In managing changes, we have to remember that control rooms are where operators receive data about how plant is operating so that they can detect and diagnose events quickly and accurately, and hence implement appropriate action. Now contrast this with my experience interfaces are designed on modern control systems. Graphics generally recreate a simple representation of the plant and equipment. Combined with alarm systems that cause frequent over load of operators, the operator is being made to work much harder to understand what is happening on their plant. Control rooms are also centres of communication, and their location can have a big impact on the opportunities people have to communicate face to face. Many of the over sights I see in control rooms represent a failure to manage the introduction of the new technology. Often this is because people simply assume that the gizmos must be more effective, but without making any realistic assessment of what they expect to improve and checking to ensure it has been achieved. Also, operators are often never told how to use the new technology, and so it is not used as intended or at all. There are also difficult issues to address. For example, it is possible that your existing workforce may not be able to adopt the new ways of working. Difficult to deal with, but cannot be ignored. This HSE report gives an insight into these issues, and I would certainly suggest that you should look at this when considering change, and to evaluate you current arrangements.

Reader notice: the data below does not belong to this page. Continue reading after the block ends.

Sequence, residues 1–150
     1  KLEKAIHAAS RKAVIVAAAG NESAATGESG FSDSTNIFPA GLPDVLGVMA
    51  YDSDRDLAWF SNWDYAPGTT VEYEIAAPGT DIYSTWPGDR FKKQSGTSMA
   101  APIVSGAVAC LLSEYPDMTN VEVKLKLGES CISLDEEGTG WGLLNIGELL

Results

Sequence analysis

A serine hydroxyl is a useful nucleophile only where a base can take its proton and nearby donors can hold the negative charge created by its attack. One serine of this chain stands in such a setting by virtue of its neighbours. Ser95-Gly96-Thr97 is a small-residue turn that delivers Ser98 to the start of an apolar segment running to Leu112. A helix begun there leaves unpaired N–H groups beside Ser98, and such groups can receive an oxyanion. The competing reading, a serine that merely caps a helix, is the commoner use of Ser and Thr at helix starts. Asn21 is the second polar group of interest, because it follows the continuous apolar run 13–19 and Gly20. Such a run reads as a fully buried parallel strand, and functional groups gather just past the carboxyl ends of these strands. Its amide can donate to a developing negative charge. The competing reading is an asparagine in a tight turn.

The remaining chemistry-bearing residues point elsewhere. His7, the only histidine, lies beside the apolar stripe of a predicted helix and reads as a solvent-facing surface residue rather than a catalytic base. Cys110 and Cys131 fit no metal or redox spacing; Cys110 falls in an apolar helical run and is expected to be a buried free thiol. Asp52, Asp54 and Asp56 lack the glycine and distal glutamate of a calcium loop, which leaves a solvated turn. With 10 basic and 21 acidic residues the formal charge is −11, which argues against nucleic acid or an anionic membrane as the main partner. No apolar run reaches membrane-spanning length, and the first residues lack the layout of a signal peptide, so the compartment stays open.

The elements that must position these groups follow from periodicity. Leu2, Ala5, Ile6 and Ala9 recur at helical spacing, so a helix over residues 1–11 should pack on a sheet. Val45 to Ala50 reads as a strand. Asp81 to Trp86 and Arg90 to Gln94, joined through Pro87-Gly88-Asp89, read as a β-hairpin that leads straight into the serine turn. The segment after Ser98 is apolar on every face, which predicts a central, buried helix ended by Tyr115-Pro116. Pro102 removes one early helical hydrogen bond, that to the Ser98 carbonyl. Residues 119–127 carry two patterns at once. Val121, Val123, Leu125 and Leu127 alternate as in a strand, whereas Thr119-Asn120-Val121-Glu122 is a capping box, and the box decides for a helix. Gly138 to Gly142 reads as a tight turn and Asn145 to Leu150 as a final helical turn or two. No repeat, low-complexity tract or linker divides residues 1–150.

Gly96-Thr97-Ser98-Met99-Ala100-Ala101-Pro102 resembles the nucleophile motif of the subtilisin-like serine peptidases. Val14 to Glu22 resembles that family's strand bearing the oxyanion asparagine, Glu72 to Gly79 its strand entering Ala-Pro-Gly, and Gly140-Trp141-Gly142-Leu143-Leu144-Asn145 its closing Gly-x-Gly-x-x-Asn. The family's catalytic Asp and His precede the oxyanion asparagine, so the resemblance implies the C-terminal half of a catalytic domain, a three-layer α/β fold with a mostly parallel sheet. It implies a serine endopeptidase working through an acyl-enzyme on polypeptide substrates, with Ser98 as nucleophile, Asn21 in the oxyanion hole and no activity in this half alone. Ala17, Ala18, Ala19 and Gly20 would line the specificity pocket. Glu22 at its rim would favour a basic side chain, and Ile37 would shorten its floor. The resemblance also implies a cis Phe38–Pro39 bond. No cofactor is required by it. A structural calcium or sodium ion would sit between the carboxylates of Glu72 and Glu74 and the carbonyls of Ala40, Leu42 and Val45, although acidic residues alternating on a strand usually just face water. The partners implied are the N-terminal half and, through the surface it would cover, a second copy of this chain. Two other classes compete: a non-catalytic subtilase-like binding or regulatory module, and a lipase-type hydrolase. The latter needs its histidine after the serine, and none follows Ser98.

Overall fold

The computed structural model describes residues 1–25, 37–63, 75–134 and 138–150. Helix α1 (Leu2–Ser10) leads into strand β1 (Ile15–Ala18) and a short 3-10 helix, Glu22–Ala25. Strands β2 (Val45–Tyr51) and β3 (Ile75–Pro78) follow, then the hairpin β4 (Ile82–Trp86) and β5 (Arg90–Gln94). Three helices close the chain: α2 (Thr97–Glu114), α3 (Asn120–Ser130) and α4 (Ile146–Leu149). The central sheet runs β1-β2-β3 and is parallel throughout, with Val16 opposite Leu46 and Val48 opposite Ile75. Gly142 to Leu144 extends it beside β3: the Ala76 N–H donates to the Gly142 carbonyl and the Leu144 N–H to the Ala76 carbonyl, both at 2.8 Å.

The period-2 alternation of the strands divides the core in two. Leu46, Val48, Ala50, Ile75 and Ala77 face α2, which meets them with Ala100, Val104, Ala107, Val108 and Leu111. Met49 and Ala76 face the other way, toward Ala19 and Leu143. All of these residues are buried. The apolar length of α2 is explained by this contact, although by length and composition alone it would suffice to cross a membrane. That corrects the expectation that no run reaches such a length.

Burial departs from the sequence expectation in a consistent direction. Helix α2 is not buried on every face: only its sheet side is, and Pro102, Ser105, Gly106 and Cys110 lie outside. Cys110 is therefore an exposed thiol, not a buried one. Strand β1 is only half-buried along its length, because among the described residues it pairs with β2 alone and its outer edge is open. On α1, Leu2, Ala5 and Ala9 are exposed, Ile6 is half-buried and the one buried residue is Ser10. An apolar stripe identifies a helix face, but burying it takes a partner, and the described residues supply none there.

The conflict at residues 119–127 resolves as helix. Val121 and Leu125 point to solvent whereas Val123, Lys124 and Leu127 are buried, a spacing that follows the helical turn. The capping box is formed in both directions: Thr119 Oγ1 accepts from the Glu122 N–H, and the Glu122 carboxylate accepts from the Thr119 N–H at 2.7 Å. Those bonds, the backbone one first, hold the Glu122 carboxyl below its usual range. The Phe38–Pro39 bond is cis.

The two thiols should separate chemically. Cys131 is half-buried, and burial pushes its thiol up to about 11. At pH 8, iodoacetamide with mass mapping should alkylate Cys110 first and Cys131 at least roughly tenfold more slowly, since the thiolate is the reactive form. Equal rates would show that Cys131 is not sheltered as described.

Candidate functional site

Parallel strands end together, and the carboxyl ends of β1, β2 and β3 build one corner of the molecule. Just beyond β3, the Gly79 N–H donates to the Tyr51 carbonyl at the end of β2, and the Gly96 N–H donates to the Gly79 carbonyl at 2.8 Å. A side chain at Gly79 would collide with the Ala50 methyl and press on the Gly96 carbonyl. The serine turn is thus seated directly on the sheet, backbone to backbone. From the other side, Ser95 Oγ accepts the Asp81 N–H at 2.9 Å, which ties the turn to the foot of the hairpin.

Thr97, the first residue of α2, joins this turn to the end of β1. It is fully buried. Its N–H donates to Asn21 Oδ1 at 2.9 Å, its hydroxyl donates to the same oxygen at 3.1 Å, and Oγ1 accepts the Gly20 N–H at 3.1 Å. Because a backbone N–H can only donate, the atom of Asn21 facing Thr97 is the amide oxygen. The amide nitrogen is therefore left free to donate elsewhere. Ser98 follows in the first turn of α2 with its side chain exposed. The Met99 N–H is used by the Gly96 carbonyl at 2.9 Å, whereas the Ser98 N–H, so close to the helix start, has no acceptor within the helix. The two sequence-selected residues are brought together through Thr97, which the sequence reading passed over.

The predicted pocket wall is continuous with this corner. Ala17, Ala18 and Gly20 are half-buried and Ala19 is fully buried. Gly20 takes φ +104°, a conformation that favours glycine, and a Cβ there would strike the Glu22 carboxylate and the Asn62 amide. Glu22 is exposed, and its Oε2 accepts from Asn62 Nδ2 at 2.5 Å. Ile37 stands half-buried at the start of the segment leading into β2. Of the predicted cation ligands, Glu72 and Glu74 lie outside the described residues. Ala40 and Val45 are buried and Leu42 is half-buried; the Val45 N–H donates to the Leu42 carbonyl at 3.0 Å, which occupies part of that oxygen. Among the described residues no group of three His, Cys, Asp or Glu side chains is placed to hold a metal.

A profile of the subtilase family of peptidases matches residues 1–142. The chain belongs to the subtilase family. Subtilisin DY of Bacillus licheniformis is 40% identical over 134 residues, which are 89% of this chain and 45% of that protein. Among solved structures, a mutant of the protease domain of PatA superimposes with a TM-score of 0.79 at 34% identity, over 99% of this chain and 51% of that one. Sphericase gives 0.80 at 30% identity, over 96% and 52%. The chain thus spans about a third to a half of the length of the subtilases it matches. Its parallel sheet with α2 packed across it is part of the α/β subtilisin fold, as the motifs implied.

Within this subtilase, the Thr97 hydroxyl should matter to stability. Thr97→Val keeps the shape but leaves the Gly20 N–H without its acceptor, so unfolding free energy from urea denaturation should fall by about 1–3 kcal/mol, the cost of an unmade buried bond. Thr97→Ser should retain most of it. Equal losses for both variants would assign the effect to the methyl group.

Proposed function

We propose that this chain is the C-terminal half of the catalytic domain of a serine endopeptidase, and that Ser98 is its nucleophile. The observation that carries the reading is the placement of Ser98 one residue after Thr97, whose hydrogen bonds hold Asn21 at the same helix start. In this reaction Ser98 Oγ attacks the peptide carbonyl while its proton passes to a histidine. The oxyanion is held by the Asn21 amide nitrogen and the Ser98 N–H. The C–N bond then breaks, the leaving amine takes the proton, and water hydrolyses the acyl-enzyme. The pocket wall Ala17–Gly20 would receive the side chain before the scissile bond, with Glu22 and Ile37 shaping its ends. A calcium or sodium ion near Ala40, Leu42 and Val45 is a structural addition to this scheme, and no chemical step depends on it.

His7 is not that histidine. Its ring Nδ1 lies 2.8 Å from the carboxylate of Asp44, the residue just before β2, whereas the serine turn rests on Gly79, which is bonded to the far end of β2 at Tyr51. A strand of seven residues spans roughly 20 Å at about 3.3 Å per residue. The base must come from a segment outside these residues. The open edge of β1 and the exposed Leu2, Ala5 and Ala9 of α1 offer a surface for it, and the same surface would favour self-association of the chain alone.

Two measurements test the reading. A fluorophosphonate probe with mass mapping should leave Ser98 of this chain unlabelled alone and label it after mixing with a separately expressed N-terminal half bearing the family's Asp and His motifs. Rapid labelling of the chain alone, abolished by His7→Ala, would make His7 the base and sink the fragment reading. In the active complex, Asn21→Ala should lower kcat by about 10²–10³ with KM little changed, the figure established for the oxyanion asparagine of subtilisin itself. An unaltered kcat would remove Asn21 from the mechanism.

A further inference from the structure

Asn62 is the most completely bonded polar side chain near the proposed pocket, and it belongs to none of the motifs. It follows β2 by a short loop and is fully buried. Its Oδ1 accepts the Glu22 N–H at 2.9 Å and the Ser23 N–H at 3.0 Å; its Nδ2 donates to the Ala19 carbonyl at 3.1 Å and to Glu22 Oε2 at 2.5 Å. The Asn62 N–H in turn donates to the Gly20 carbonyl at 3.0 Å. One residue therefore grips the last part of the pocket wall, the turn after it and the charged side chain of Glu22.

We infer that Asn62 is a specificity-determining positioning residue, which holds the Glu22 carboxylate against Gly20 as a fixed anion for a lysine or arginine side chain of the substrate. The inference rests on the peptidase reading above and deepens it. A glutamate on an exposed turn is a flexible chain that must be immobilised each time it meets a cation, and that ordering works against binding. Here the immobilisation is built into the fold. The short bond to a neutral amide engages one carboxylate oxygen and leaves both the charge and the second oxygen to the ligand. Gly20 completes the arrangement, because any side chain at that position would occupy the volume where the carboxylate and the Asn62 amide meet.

One of the changes I get involved in very often is in staffing arrangements. De-manning is frequently the objective, often following the introduction of new technology. Organisational changes may also be required to accommodate the change, which does tend to complicate things more than most people envisage.
There are clear potential cost savings achieved through de-manning, and it can be an opportunity to simplify the organisation. and acts as an impetus to implement other changes that may have been more difficult if things had stayed as they were. However, many companies have found that the negative outcomes are worse than they expected, with the effects not always being apparent for some time. The main thing to realise is that it is generally unusual circumstances including emergencies when reductions in manning and loss of expertise have the greatest impact. As plants have become more reliable, we have less opportunities to test the ability of individuals and teams to cope.
The important thing to consider when planning, implementing and reviewing changes to staffing arrangements is the ability for your teams to detect, diagnose and respond to high demand situations reliably and effectively. In my experience, in modern plants it is rarely the number of people available that has the biggest impact. Rather, it is ensuring a level competence within a team and the ability of individuals to work together with each other and with the technology provided. Research report 348/2001, commonly known as the staffing assessment methodology, has been used widely in evaluating staffing arrangements. It provides a degree of objectivity to issues that are often very subjective.